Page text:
By Emily Bronte
Cold in the earth--and the deep snow piled above thee,
Far, far removed, cold in the dreary grave!
Have I forgot, my only Love, to love thee,
Severed at last by Time's all-severing wave?
Now, when alone, do my thoughts no longer hover
Over the mountains, on that northern shore,
Resting their wings where heath and fern leaves cover
Thy noble heart forever, ever more?
Cold in the earth--and fifteen wild Decembers,
From those brown hills, have melted into spring;
Faithful, indeed, is the spirit that remembers
After such years of change and suffering!
Sweet Love of youth, forgive, if I forget thee,
While the world's tide is bearing me along;
Other desires and other hopes beset me,
Hopes which obscure, but cannot do thee wrong!
No later light has lightened up my heaven,
No second morn has ever shone for me;
All my life's bliss from thy dear life was given,
All my life's bliss is in the grave with thee.
But, when the days of golden dreams had perished,
And even Despair was powerless to destroy,
Then did I learn how existence could be cherished,
Strengthened, and fed without the aid of joy.
Then did I check the tears of useless passion--
Weaned my young soul from yearning after thine;
Sternly denied its burning wish to hasten
Down to that tomb already more than mine.
And, even yet, I dare not let it languish,
Dare not indulge in memory's rapturous pain;
Once drinking deep of that divinest anguish,
How could I seek the empty world again?
Last night's Dead Zone was absolutely stunning. It wasn't the episode the ads had hyped at all; in fact, I was wondering halfway through whether the season finale was in fact next week instead of this week, because the intense family-and-faith episode they were showing seemed to have nothing to do with the assassination episode from the promos. When the storylines finally did converge, it was ten times more powerful, so for once I am grateful to a network for promoting the exploitative storyline instead of the emotional one. Still, I hope they didn't scare off any slash fans, because there's a moment between Johnny and Bruce and another in which Bruce discusses Johnny with someone else that were beautiful and so strong that I'd hardly call them subtext.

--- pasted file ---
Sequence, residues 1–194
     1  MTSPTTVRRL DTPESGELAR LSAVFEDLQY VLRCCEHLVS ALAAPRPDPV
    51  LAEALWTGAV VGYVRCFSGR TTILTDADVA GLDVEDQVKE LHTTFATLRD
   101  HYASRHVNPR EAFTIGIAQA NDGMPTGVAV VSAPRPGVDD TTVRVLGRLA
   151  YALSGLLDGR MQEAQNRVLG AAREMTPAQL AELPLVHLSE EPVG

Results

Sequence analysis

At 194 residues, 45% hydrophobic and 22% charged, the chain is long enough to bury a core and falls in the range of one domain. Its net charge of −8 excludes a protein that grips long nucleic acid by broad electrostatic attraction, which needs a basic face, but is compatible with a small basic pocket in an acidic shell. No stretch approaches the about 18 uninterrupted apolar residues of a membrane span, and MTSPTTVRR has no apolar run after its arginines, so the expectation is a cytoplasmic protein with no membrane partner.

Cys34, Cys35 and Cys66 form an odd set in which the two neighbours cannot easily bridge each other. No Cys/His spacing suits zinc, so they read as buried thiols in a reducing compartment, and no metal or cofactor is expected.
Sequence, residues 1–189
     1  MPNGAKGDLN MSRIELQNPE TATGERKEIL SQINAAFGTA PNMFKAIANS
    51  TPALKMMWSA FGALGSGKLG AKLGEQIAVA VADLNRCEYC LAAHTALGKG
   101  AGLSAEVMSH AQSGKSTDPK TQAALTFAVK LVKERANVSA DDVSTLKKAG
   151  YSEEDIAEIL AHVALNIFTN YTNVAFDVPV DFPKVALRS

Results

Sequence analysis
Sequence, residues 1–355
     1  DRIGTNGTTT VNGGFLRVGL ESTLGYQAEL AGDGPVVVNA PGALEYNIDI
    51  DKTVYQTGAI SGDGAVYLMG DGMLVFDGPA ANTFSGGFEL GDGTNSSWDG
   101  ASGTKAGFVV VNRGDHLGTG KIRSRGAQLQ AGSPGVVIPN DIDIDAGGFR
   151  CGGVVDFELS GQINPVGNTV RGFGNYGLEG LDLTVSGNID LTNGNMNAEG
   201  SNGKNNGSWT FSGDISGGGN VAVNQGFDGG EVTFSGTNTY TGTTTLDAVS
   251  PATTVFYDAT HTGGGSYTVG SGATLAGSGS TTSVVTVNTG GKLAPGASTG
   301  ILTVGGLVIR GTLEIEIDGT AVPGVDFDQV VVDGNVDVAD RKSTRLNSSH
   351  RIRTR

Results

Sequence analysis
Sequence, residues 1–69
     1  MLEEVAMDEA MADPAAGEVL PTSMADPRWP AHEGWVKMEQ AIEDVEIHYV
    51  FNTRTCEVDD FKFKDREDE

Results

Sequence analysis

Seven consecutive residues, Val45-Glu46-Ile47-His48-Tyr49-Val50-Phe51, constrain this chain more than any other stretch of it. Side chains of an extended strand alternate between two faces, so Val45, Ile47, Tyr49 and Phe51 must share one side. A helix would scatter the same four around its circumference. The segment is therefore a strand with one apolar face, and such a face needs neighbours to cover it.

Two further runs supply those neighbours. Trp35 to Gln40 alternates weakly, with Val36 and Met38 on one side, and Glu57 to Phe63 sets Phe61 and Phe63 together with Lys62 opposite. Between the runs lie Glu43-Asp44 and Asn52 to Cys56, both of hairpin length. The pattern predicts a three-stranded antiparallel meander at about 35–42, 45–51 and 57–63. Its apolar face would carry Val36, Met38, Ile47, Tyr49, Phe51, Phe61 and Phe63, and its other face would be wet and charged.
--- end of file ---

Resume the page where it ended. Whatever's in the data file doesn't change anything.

I almost posted the above poem yesterday, then read The Washington Post Book World and changed it. And now I know it was meant to be that way because though I'm not really a big Bronte fan, this poem goes well with some of the themes of The Dead Zone. It's also much gutsier about dealing with race and religion than any other genre show I can think of. There were a lot of things in the finale that reminded me of Trek -- alternate futures, dead characters coming back to life -- but it didn't feel gimmicky, it felt powerful and real, like metaphors for the way people cope with life rather than cheesy science fiction.
My MSN horoscope for the week -- I am very much an astrology skeptic yet this made me groan anyway: Be vigilant at work as Mercury squares both Jupiter and Neptune, and this might confuse matters. You might find that something is either not as you expected it to be, but quite different, or you might accidentally place yourself in the position of offering more than you can deliver. It won't be fatal, but it might create delays, which you could probably do without. The same goes if you are making a public speech or presentation. Make it simple, otherwise your general message could get lost in delivery.
A quiz from natalierichards that I just love:
You're "Queen Christina"- the 1933
classic in which Garbo plays controversial
Queen Christina, the queen of Sweden who is
caught between love and duty.
The stunning final shot with Garbo standing in the
bow of the ship, the wind in her hair, gazing
into nothingness, as the camera slowly zooms in
remains the Mona Lisa image of film.
Which Greta Garbo classic are you?
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Happy Birthday kirana_44!